Water costs causing concern
June 13, 2006
Clovis resident Phyllis Wallace lives in a humble home with sparse furnishings. However, her back yard is an oasis filled with plants.
A retired teacher, Wallace, 72, said the possibility of an increase in her water bill has her nervously eyeing her budget and wondering if she can maintain her gardens.
New Mexico-American Water Co. filed a rate-increase request last month with the New Mexico Public Regulation Commission which would raise the residential water rates of more than 14,000 Clovis residences by an average of 25 percent. The increase could come as early as April 2007.
New Mexico-American hopes to generate $1.6 million annually to fund infrastructure improvements and cover increased operating costs.
The rate proposal also includes a tiered rate system to reward water conservation, according to Kathy Wright, New Mexico-American vice president.
Under the proposed plan, a residential customer using about 6,000 gallons of water a month would see an increase from $26.20 to $30.76 a month.
Residents who use more than 15,001 gallons a month could see a 47 percent increase, under the proposal.
“My budget just can’t absorb much more,” Wallace said. “With gasoline being so high, I just can’t believe the water company would put that strain on seniors.”
Commercial rates would increase 39 percent for high volume users, according to the proposal submitted to the PRC.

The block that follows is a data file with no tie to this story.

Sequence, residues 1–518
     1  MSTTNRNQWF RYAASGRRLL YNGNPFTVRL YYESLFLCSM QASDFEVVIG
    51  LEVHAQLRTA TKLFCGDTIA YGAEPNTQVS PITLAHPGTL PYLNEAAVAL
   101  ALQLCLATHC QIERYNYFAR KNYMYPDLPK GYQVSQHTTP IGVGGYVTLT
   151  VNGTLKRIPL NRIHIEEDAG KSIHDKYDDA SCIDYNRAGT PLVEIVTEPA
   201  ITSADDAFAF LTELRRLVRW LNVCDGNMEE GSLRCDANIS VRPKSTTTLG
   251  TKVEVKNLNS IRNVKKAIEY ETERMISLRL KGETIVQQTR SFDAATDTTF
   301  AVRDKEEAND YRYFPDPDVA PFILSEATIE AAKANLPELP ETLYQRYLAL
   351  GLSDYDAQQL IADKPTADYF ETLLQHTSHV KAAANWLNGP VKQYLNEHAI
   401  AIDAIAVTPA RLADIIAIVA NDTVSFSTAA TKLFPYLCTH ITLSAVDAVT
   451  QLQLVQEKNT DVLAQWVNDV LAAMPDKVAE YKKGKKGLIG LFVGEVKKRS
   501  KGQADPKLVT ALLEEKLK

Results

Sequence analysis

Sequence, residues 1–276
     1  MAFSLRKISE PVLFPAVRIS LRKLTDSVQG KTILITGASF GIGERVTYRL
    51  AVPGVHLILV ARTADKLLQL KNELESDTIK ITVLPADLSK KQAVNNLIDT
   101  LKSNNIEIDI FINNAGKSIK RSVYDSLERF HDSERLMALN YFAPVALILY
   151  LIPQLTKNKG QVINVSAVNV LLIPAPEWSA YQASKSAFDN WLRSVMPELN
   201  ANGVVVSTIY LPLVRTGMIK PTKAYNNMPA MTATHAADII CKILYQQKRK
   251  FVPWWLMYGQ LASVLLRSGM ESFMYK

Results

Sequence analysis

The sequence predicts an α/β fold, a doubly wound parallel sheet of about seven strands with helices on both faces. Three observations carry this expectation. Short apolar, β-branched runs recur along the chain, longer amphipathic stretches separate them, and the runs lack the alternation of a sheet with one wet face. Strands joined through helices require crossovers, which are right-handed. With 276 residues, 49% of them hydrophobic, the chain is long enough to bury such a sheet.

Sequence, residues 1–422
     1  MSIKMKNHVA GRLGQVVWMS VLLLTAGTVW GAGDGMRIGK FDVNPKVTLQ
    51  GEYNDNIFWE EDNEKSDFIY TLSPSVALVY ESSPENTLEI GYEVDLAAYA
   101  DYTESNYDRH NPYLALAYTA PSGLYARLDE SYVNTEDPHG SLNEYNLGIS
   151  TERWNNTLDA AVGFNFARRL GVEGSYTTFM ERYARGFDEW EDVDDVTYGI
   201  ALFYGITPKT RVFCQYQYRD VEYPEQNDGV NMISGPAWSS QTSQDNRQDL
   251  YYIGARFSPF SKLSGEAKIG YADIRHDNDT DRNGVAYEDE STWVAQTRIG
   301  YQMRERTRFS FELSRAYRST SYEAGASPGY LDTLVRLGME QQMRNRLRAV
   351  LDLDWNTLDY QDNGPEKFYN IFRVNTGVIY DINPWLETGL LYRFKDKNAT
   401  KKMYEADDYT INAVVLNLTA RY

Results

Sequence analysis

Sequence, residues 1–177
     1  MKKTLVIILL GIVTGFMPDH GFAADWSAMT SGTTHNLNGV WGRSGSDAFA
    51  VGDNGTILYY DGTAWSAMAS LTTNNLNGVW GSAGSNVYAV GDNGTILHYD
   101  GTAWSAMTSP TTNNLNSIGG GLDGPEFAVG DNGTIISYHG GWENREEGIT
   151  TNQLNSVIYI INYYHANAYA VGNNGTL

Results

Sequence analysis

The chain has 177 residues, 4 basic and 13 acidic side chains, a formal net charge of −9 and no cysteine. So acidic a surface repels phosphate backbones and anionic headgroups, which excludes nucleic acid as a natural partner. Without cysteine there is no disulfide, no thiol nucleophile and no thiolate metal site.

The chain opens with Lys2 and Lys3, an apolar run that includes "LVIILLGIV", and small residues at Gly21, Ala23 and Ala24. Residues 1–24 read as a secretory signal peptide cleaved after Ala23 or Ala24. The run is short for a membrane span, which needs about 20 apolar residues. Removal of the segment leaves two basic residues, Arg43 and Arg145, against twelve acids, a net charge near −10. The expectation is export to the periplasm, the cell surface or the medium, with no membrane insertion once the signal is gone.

“The reason behind the proposed new tiered rate structure for Clovis is to promote conservation,” Wright said.
Due to the decline in water levels in the Ogalalla Aquifer which supplies water to Clovis residents, the water company has purchased farm land with existing irrigation wells. NMA has rehabilitated the wells with new casings and motors and constructed transmission lines at a cost of $1.6 million. Wright said the improvements are necessary to convert the wells for municipal water use.
Other infrastructure projects in Clovis include replacing a booster station near Greene Acres Park, built in 1945, and installing 13,600 feet of water main at the Clovis Industrial Development Park.
NMA was previously granted an 11 percent residential rate increase in 2005 and 12 percent increase in 1999.
“We have put together a very good plan for the commission to consider,” Wright said. “It contains investments to secure our long-term water supply and improve system reliability and balances necessary revenue increases with conservation initiatives to help our customers lower their water usage.”
Residential, municipal commercial customers can file intervention notices with the PRC, which determines public utility rates.
City Manager Joe Thomas said there have been no formal discussions about the proposal. He said the city attorney is currently reviewing the proposal and it is looking likely the city would intervene.
Proposed conservation initiatives include rebates up to $250 for customers who install low flow toilets, $125 rebates for high efficiency washing machines and rebates of up to $800 for customers who install water efficient landscaping.
Even with the possibility of a strain on her pocketbook, Wallace said her plants are her pride and joy and she has no plans to cut back on her water usage where they are concerned.
“I guess I just won’t wash my hair as often,” she said.
New Mexico-American has supplied Clovis water more than 20 years, according to City Manager Joe Thomas.